What Niacinamide Does For Your Skin, And Who It’s Best For

If niacinamide were a person, it would already have earned a Nobel Peace Prize. As a skin care ingredient, it can go pretty much everywhere, calm things down right away and get everything working well together. But until they start awarding global honors for skin creams (and really, why not?), mighty niacinamide continues to prove there’s little it can’t do for beleaguered, stressed and irritated skin.

What It Is And How It Helps Skin

Niacinamide is a form of vitamin B3, a water-soluble vitamin that’s a powerful antioxidant everyone needs to support a number of cellular processes. “It’s not produced naturally by the body, so you must use skin care products specifically formulated with niacinamide to experience the ingredient’s benefits,” Tom Allison, senior vice president and global head of professional marketing at CeraVe, told HuffPost.

It appears in products intended to alleviate fine lines and wrinkles, acne, eczema, discoloration, rosacea, large pores, oily skin and sun damage, among other things. If that seems like a tall order for one ingredient to address all those issues, niacinamide is up to the job, experts say.

Erin Greer, executive director of education and training at Alastin Skincare, explained that one of the ingredient’s superpowers is restoring the moisture barrier function of the skin. “As we get older, we can lose the lipid barrier that makes skin radiant and luminous. Niacinamide produces ceramides that help to restore that barrier, reduce dehydration and help skin look better.”

In a sign of our overstressed times, dermatologist Dhaval Bhanusali said, “In general, there’s a trend toward ‘calming’ ingredients. Niacinamide is a popular option since it’s so well-tolerated. It’s truly a star ingredient and one I recommend often.”

Good For Dry Skin, Oily Skin — Pretty Much Good For Skin In General

You knew we couldn’t get this far into a skin care article without talking about free radicals, those pesky molecules with unpaired electrons that can build up and cause oxidative stress, which harms other cells and speeds up aging symptoms like wrinkles. “As a true multitasker, niacinamide neutralizes free radicals and helps to address the slowing of skin aging through repair and rejuvenation,” dermatologist Melissa Kanchanapoomi Levin said. But wait, she said, there’s more: “Because it’s also been shown to regulate oil secretion and cell skin turnover, it’s recommended for both dry, sensitive skin and oily, acne-prone skin types, too.”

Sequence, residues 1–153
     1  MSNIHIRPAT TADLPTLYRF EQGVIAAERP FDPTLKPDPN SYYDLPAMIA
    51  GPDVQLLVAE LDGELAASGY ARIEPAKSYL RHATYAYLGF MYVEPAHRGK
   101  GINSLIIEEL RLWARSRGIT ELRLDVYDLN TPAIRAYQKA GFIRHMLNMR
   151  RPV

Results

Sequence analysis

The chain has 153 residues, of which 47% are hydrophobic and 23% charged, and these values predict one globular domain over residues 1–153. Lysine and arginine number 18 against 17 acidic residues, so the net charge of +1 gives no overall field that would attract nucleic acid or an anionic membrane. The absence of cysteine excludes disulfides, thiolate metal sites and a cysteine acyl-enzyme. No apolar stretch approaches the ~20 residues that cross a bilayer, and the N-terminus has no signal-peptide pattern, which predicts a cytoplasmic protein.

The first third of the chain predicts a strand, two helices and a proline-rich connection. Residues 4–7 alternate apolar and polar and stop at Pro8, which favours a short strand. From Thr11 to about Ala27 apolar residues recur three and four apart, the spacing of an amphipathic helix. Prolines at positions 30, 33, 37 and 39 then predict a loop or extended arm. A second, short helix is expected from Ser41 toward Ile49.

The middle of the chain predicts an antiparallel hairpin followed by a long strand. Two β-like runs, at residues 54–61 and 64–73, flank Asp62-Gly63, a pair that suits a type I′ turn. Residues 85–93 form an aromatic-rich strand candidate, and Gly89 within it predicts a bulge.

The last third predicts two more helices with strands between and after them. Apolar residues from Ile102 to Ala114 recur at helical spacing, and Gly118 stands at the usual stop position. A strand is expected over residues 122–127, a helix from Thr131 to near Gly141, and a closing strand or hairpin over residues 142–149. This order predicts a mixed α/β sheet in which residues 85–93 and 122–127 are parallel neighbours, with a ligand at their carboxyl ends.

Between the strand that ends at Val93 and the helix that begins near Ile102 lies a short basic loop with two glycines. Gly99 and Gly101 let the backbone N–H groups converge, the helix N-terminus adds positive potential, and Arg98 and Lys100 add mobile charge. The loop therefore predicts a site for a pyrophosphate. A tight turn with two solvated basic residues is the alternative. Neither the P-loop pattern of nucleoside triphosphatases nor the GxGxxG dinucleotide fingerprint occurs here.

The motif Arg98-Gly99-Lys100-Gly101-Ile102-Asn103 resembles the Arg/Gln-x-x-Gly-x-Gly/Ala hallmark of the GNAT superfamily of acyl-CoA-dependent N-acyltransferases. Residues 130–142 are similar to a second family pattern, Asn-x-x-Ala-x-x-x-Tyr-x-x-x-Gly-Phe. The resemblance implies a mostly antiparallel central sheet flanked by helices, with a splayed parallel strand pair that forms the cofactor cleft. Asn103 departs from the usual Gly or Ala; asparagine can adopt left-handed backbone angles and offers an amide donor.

It might be hard to find a skin care ingredient that plays so well with others. “Niacinamide tends to complement and work well when layered with several other active ingredients that compose a typical skin care regimen,” said dermatologist Janiene Luke, co-chair of the Skin of Color Society technology and media committee and associate professor and director of the dermatology residency program at Loma Linda University. “It typically can be used in people who also use retinoids, salicylic acid and other chemical exfoliants, as well as hydrating ingredients such as hyaluronic acid.”

How To Get Started And When You’ll See Results

“Most people can tolerate niacinamide, but I’d suggest looking for concentrations that range from 2% to 10%, since higher concentrations sometimes can cause irritation,” Luke said.

“With my patients, I’ve seen them do well with up to 6% niacinamide,” Bhanusali said. “If it’s higher than that, you should spot treat first and make sure you tolerate well before applying all over.”

If you like the results you’re seeing on your face, try using it all over your body, Deanne Mraz Robinson, dermatologist and assistant clinical professor of dermatology at Yale New Haven Hospital, told HuffPost. “Look for it as an ingredient in body lotion, as well. It’s a helpful ingredient for dry, itchy skin.” She did note some caveats: “It shouldn’t be used simultaneously with skin care products that contain vitamin C. When combined with vitamin C, it turns into niacin, which can cause redness and irritation in sensitive skin.”